After months of clamoring for more attention from the political media, Andrew Yang is finally starting to get it. It’s not clear though that this is what he had in mind.
“Now, I am Asian, so I know a lot of doctors.”
“The opposite of Donald Trump is an Asian man who likes math.”
“Well, I’m Asian, so you know I love to work.”
His campaign gear plays it up too. There are hats that read “MATH,” buttons that refer to Yang as “The Man, The Math, The Legend,” and calculators with his name printed on them.
Clearly, there’s an audience for this. Yang has surprised many with his popularity among Democratic primary voters, and he’s been praised by some Asian-Americans for his wisecracks. But Yang has also been criticized for advancing harmful stereotypes about Asians by “obtusely reinforcing the model-minority myth.” His jokes have been referred to as “dangerous and exploitative.” He’s been called just plain hacky.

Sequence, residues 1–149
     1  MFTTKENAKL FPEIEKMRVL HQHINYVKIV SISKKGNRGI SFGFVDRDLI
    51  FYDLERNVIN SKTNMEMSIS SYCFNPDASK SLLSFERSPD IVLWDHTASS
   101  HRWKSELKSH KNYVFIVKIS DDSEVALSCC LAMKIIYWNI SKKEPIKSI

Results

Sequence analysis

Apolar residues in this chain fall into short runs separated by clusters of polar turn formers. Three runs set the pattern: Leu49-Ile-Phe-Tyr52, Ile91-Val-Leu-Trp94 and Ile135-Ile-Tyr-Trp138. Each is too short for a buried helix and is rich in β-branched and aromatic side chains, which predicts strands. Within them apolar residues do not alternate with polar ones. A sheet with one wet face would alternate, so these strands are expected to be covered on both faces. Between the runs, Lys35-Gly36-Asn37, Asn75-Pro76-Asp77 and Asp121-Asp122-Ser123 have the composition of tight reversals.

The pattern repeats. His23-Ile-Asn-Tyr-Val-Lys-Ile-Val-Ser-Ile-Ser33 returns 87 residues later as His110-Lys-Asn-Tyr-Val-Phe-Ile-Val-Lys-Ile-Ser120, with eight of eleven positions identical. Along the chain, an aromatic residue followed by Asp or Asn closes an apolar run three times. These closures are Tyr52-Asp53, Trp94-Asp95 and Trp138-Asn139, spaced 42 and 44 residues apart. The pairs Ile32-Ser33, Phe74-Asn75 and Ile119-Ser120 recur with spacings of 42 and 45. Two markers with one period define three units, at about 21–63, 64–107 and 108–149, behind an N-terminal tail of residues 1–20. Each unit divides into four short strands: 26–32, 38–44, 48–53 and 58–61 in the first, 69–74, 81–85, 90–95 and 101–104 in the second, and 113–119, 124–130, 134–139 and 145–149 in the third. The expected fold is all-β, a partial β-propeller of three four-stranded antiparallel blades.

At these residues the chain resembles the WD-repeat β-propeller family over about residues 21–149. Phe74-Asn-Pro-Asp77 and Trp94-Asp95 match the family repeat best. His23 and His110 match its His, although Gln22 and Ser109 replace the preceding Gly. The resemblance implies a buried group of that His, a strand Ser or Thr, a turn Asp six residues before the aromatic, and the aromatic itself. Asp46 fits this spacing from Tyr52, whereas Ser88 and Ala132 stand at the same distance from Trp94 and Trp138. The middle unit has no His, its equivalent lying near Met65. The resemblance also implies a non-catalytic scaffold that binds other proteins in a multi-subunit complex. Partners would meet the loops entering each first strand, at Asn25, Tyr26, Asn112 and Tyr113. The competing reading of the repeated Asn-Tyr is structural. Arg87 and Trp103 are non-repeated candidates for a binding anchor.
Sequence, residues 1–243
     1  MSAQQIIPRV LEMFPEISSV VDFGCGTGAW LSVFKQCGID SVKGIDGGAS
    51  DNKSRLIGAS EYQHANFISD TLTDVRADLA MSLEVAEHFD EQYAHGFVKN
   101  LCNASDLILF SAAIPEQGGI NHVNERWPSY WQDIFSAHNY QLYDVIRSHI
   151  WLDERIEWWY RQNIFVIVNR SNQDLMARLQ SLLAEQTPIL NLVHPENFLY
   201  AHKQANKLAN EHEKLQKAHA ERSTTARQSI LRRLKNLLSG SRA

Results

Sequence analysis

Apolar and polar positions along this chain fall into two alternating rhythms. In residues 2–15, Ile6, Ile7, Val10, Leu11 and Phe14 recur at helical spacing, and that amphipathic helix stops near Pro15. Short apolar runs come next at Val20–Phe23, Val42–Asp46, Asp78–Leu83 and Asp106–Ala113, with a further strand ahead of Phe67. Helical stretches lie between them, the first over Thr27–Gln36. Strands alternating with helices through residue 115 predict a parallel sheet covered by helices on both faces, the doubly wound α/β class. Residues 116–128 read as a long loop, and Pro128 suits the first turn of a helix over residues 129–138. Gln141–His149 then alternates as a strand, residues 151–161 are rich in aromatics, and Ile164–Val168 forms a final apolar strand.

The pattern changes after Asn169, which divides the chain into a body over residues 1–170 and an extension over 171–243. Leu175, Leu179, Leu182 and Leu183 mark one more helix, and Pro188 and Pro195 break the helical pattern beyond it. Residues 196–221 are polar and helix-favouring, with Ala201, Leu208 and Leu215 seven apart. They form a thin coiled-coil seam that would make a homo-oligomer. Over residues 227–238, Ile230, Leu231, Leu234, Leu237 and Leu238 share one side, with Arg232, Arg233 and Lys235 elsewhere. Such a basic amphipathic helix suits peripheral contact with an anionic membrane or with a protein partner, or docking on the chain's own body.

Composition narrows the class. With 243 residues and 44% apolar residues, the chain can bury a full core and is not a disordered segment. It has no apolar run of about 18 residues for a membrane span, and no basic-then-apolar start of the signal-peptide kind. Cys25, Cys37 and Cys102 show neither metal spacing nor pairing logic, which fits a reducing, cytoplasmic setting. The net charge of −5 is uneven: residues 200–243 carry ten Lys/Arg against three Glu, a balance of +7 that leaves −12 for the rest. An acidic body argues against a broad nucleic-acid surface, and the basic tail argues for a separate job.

It’s not just Asian-Americans who are demeaned by Yang’s language and the model-minority myth, Indiana University’s Ellen Wu told the Washington Post. “The biggest risk in my mind is … the work that this stereotype does to dehumanize, to criminalize African-Americans,” Wu said. “I’m not saying Andrew Yang himself is doing this but that the larger cultural work, political work of this stereotype that’s been around since the 1950s and ’60s has functioned in upholding assumptions about African-Americans.”
On Wednesday, in an interview with Politico, the entrepreneur and universal-basic-income advocate said he’s heard the criticism and he doesn’t plan to stop telling jokes on the stump. “We’re a very diverse community, and if Asian Americans disagree with my response to a particular issue, or a joke I tell, that’s something I would expect and accept,” he said. “I don’t see any reason to dramatically change anything I’ve been doing to date.”